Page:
Some weird history ---------------- In the 1870s New York, then consisting of just Manhattan and the South of Bronx, started building its rapid transit system. It constructed els in 2nd and 3rd Avenues on Manhattan's eastern flank and els in th and th Avenue on the spine and west flank. These els, at first of only two tracks each, quickly saturated with riders as the City grew. Consolidation with Brooklyn and other boros in 1898 and massive immigration in the early 20th century swelled ridership to choke the rail lines. At first, the subway company added express tracks to the els. This was a major relief but not nearly enough. The City built an underground line in Lexington Av, now the green line, to supplement the els. With now ten lanes of rail (3 in 2nd Av, 3 in 3rd Av, 4 in Lexington Av) on the east side of the island, rail capacity was about adequate. Because of the density of traffic, stations on the els and underground wr closely spaced, only several hundred meters apart. This on the green line averaged to nine short city block apart. This Lexington Av line opened in sections starting in 1917. The els were in time demolished with intent to replace them by subways. This ws accomplished for the 6th/9th Av els, but not for the 2nd/3rd Av els. Today there is only the 4-track green line to work a district on Manhattan of greater urban activity than all of Boston or San Francisco. As a result, the green line must handle all of the rapid transit traffic, making it by far the world's busiest single transit line. It moves about 1.6 million riders per day. By itself it would be the 2nd busiest transit system in the United States, surpassing Washington or Chicago.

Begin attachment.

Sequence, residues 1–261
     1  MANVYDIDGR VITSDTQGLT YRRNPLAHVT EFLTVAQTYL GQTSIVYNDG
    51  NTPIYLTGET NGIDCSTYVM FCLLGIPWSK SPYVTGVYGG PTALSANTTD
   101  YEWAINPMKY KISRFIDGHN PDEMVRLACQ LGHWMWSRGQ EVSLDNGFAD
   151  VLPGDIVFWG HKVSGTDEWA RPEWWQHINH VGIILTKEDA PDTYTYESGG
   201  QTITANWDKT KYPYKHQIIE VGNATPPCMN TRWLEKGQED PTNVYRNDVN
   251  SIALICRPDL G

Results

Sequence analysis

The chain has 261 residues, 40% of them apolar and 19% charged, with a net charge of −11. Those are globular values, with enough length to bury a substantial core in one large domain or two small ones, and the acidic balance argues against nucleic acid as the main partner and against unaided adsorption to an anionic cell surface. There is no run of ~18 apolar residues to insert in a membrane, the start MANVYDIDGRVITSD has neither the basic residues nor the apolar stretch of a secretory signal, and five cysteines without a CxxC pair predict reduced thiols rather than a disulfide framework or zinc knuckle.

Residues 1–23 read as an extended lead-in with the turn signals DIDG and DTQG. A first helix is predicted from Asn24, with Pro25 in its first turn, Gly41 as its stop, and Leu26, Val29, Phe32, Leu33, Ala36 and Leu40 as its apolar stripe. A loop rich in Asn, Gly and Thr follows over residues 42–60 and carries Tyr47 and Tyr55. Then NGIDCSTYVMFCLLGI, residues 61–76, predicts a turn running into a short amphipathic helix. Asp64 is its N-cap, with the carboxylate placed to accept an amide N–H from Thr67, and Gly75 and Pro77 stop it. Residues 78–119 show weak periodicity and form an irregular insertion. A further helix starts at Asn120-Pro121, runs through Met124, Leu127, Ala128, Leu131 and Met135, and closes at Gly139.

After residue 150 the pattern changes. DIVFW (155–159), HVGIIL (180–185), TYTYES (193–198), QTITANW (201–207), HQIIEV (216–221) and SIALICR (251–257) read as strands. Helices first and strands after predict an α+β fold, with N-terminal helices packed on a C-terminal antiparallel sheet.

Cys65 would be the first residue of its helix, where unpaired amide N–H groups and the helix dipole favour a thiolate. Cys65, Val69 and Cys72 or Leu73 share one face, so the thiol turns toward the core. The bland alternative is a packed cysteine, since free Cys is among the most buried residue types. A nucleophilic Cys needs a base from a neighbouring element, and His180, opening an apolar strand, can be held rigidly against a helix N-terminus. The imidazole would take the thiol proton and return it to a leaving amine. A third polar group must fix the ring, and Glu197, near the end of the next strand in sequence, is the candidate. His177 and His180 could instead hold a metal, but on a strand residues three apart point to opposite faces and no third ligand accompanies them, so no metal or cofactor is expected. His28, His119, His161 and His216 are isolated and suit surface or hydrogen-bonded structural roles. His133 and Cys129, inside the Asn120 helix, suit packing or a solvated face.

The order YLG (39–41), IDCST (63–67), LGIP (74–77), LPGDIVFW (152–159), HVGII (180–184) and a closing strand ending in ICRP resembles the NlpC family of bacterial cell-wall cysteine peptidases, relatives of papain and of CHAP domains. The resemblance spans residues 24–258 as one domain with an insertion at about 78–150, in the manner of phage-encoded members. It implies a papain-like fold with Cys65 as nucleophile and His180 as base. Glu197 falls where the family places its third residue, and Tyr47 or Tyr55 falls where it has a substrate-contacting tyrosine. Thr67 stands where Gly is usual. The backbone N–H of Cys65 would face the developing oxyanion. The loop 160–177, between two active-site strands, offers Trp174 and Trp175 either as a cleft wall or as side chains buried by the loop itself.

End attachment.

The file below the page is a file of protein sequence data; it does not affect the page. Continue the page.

The key ----- The first step in the temperature conversion is to picture the Lexington Av line from is 14th street station to its 103rd St station. Stations downtown from 14th St are not numbered, but have proper names North of 103rd St the spacing is a bit irregular. The reader form the City will instantly notice that one station is omitted. Where's 28th St? This is a half-stop in City mindset. It pairs with 18th St station of certain other lines In fact, on most other lines the 18th St station was long ago removed from service. The upper scale of number is nothing but a 5x5 numbering. 33rd St is nearly 32F, which is 0C That's why the upper scale is zeroed there. The 9-block station spacing combined with the 5x5 spacing is close to the 5/9 factor is the oldstyle/metric conversion formula! SO the chart is like the dual scale of a regular thermometer!
Conclusion -------- I do not claim invention for this method, It was shown to me in the 1980s as already in use However, no one seems to know how it came about. It is not at all obvious, specially when all three transit lines worked the Manhattan east side. The 2nd Av line was removed in 1940;3rd Av, 1955. The replacement subway is now under construction, with trepidations, under 2nd Av. It's a 2-track stub from 63rd St to 96th St, to open maybe in 2015. The downtown end connects to the existing 63rd St line to reach midtown and points south.